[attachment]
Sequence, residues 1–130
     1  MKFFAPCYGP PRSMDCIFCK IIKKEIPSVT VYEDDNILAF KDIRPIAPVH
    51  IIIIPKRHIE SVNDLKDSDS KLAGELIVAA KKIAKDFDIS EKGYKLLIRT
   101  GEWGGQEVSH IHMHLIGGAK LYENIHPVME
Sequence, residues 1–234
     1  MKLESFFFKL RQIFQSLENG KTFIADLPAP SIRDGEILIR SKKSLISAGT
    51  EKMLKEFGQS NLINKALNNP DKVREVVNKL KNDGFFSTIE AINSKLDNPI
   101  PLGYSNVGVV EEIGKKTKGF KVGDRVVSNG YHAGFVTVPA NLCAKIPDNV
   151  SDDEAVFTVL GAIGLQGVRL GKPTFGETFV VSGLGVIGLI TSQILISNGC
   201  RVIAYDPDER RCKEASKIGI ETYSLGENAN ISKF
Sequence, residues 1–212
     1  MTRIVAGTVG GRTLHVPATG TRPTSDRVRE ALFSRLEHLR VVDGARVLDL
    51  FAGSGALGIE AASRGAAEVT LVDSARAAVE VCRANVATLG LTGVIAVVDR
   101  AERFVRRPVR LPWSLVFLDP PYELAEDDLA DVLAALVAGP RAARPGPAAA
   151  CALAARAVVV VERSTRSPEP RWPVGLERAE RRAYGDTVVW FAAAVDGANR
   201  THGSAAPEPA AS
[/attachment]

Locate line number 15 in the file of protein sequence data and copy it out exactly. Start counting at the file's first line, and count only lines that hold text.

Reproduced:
   151  CALAARAVVV VERSTRSPEP RWPVGLERAE RRAYGDTVVW FAAAVDGANR